A spokeswoman for Epic said Google’s move doesn’t address the root of its beef with the company. “Whether it’s 15% or 30%, for apps obtained through the Google Play store, developers are forced to use Google’s in-app payment services,” she said. “Android needs to be fully open to competition, with a genuinely level playing field among platform companies, app creators and service providers.”
Last year Epic and several other companies formed a nonprofit to pressure the major app-store operators to make changes to their marketplace rules. Founding members of the Coalition for App Fairness also include
Spotify Technology SA
and Tinder owner
Match Group Inc.
A Google spokesman declined to comment further on the timing of the change. “As a platform, we do not succeed unless our partners succeed,” the company said in its blog post.
Both Google and Apple have defended their app-store fees, saying they help cover expenses related to user privacy, security and other services.
Google’s decision to apply the lower fees as developers book sales on the Play store contrasts with Apple’s approach. To secure the lower 15% rate, the iPhone maker requested developers apply to a program to show their earnings in 2020, a process that will give it insight into annual business growth of the apps in its store. Had Apple implemented that change last year, it would have reduced its $21.7 billion take of app sales by about $595 million, Sensor Tower estimates.
The companies also have different approaches for app distribution: Apple requires iPhone and iPad users to download apps exclusively from its App Store, while Android device users can access the Google Play store in addition to other app marketplaces.
Apple has said it prohibited third-party app stores so it can vet apps and protect iPhone users from malware and other software issues.
Roughly $38.6 billion was spent in the Play store last year, while the App Store generated $72.3 billion, according to Sensor Tower. Their combined revenue increased by 30% during a year when people around the world were spending more time at home due to restrictions related to the pandemic. Being able to collect a portion of sales through the growing app marketplaces has been lucrative for the companies in recent years.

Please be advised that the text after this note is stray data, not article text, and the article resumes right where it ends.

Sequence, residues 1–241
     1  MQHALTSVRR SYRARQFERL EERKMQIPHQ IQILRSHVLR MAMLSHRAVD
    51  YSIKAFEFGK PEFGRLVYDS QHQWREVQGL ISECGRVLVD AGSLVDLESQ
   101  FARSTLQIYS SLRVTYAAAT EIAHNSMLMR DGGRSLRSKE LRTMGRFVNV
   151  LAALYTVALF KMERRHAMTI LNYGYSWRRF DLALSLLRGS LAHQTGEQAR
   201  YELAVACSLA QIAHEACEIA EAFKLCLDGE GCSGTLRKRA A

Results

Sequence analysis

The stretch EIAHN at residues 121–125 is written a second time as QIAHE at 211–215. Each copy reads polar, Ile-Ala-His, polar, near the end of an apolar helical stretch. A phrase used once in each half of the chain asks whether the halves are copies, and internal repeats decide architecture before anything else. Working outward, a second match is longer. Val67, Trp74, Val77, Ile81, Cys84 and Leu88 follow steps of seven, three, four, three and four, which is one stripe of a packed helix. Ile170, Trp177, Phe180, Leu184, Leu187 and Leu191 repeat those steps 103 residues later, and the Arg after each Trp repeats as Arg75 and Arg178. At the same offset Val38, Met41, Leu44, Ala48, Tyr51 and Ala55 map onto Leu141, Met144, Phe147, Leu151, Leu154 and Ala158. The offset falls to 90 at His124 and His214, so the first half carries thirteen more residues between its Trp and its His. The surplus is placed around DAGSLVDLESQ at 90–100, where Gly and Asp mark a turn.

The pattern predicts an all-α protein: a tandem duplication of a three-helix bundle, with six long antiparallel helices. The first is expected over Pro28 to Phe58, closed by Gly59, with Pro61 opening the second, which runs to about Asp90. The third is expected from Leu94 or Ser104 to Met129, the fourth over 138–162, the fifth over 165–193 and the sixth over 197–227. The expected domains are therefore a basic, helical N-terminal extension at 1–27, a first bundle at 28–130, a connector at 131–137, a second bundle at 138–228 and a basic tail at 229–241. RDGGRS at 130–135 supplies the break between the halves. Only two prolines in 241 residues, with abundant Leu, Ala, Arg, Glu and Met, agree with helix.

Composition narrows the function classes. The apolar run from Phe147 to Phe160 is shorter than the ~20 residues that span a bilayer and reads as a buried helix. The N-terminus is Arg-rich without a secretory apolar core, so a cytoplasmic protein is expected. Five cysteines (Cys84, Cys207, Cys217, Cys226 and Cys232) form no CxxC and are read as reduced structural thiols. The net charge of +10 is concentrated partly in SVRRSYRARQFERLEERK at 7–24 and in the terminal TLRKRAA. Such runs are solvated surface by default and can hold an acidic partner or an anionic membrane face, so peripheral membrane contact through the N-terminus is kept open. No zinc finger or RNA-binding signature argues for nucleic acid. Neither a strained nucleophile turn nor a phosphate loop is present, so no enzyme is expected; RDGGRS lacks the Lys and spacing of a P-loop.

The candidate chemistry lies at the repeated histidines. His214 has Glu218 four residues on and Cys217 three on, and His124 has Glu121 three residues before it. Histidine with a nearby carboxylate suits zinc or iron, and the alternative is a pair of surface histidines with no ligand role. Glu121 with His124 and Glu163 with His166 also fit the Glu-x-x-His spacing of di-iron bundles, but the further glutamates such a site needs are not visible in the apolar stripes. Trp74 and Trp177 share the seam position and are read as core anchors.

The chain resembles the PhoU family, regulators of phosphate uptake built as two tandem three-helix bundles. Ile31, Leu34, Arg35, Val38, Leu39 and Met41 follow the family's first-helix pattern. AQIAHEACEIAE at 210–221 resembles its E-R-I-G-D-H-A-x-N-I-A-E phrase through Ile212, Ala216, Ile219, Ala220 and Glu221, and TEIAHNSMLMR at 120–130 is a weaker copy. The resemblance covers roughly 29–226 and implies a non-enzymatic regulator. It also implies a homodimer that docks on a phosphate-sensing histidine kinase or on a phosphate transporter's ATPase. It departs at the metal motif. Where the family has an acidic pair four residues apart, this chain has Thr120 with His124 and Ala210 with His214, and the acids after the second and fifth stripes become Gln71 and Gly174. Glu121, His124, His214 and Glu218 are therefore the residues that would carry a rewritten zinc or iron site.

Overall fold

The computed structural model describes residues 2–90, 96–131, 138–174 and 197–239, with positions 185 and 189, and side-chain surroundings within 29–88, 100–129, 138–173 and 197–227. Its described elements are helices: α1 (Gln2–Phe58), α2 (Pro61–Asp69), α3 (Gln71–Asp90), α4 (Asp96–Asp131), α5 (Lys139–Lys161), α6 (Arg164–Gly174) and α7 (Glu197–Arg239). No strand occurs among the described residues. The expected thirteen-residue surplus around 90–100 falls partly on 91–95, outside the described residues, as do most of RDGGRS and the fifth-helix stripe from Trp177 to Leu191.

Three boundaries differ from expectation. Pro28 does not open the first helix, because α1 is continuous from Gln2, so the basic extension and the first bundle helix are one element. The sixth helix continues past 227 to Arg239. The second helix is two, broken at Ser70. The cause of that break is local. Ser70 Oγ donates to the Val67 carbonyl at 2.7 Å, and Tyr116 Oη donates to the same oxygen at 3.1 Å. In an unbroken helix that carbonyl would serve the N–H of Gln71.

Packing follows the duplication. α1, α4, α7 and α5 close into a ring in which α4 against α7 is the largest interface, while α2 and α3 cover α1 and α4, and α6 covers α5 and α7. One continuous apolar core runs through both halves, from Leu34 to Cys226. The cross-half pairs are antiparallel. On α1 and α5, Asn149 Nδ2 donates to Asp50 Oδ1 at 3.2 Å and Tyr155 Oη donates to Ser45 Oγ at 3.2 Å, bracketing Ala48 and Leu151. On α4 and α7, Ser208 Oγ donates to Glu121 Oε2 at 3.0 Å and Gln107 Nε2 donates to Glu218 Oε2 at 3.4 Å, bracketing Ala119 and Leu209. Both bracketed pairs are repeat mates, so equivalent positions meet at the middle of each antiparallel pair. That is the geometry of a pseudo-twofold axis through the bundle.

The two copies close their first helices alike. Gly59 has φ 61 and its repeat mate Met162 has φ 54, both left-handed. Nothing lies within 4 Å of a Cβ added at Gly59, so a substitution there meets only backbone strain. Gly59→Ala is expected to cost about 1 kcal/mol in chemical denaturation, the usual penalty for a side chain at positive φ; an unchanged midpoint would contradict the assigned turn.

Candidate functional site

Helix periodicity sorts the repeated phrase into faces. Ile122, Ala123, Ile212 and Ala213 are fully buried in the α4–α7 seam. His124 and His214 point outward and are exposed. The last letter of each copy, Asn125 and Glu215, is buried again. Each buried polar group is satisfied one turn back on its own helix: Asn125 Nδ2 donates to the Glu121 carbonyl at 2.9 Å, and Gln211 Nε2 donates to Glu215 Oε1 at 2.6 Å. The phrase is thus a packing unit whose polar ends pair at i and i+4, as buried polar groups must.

A trial date for Epic’s lawsuit against Google in the U.S. hasn’t been set. Apple and Epic go to trial in early May over the “Fortnite” maker’s anticompetitive claims.
A similar complaint filed by Epic against Apple in the U.K. was dismissed last month. However, the U.K.’s competition authorities gave Epic permission to pursue a case against Google over how “Fortnite” was pulled from the Play store.
Epic last week also launched legal proceedings against Google in Australia over its app-store policies.
Google has shown a willingness to adjust its business practices in its home market in ways that it chose not to do during a decade of regulatory challenges in Europe.
Between 2017 and 2018, the European Union imposed $9 billion in fines and orders to change its business practices, but the efforts largely failed to dent its power and influence. Those orders followed findings that Google favored its own product ads at the top of users’ search results and that Google required smartphone makers to place its search engine and Chrome web browser on their devices to have access to its Play store.
—Tim Higgins contributed to this article.